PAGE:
40. ^ "The Aggressive Poke Check". stevedaviesgoalietraining.com. Retrieved 27 December 2017.
  41. ^ Ritter, Mark. "Has the Poke Check become a thing of the past?". bleacherreport.com. Retrieved 27 December 2017.
  42. ^ "Harry Hap Holmes Memorial Award". AHL Hall of Fame. Retrieved 27 December 2017.
  43. ^ a b "Johnny Bower Stats and News". NHL.com. Retrieved 27 December 2017.
  44. ^ a b "1961 NHL All-Star Game Rosters". hockey-reference.com. Retrieved 27 December 2017.
  45. ^ "Les Cunningham Award". AHL Hall of Fame. Retrieved 27 December 2017.
  46. ^ "Calder Cup Champions: The Players". AHL Hall of Fame. Retrieved 27 December 2017.
  47. ^ Kay, Jason. "The Top 100 NHL players of all-time, throwback style". The Hockey News. Retrieved 27 December 2017.
  48. ^ "Bower, Johnny -- Honoured Player". Hockey Hall of Fame. Retrieved 27 December 2017.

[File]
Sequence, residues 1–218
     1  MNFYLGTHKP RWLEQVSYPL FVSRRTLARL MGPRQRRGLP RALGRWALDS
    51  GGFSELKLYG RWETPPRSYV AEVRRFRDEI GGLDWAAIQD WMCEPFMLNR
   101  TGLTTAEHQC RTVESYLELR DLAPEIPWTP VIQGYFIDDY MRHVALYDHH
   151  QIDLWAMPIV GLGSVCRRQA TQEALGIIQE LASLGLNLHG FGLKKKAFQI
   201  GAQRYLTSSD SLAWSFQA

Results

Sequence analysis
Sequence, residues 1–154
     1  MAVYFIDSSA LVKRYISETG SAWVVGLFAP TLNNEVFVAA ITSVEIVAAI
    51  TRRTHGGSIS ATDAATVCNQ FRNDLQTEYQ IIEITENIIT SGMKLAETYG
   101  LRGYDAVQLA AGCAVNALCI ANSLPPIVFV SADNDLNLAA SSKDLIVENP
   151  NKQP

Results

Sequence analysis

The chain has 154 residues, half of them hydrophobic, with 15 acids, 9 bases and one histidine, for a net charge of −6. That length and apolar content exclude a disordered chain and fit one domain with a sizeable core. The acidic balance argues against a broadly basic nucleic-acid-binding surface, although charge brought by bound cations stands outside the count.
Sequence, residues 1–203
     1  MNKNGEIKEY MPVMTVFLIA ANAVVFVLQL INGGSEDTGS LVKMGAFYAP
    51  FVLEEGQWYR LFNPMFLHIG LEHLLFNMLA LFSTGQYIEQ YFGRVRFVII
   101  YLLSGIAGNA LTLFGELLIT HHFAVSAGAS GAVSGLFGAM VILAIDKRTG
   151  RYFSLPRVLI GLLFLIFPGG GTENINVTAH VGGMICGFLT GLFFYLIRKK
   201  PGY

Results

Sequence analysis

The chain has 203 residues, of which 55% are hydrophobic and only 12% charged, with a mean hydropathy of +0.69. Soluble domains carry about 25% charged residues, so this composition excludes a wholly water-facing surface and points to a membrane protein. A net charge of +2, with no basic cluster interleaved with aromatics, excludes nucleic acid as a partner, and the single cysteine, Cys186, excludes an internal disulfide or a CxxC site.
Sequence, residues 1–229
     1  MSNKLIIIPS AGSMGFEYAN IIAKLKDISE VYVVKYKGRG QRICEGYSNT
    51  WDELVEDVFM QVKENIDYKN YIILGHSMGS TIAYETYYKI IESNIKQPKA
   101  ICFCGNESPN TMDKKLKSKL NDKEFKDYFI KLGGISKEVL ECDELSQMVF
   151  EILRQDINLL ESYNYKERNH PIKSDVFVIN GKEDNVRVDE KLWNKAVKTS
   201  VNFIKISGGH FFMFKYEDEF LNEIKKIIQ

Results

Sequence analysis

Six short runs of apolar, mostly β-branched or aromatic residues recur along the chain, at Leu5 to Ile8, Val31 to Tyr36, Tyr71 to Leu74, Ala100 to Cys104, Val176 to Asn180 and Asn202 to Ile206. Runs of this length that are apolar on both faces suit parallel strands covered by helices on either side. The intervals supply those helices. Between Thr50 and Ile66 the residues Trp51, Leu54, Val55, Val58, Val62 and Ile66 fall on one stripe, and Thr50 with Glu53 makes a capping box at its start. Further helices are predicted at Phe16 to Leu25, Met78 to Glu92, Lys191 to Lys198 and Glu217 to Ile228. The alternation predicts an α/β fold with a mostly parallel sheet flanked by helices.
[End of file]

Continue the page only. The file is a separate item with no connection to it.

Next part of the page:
49. ^ "Johnny Bower - AHL Hall of Fame". American Hockey League Hall of Fame. Retrieved 27 December 2017.
  50. ^ "Johnny Bower". Canada's Walk of Fame. Retrieved 27 December 2017.
  51. ^ Peticca, Mike. "Lake Erie Monsters add to Cleveland's rich hockey history in AHL Calder Cup 2016". Cleveland.com. Retrieved 27 December 2017.
  52. ^ "Toronto Maple Leafs retire the numbers of 17 players". NHL.com. Retrieved 27 December 2017.
  53. ^ "Johnny Bower's stats". The Goaltender Home Page. Retrieved 2017-08-05.

External links

  • Biographical information and career statistics from NHL.com, or Eliteprospects.com, or Hockey-Reference.com, or Legends of Hockey, or The Internet Hockey Database
  • Age never got in Bower's way
  • AHL Hall of Fame bio
Preceded by
Jacques Plante
Winner of the Vezina Trophy
1961
Succeeded by
Jacques Plante
Preceded by
Charlie Hodge
Winner of the Vezina Trophy
with Terry Sawchuk

1965
Succeeded by
Gump Worsley
and Charlie Hodge